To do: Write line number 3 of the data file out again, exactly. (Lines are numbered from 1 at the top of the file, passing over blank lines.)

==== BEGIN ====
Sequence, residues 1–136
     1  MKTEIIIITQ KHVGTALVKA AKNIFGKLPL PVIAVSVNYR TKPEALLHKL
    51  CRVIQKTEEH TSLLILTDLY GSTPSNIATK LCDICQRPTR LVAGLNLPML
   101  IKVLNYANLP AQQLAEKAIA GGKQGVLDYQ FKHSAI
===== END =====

    51  CRVIQKTEEH TSLLILTDLY GSTPSNIATK LCDICQRPTR LVAGLNLPML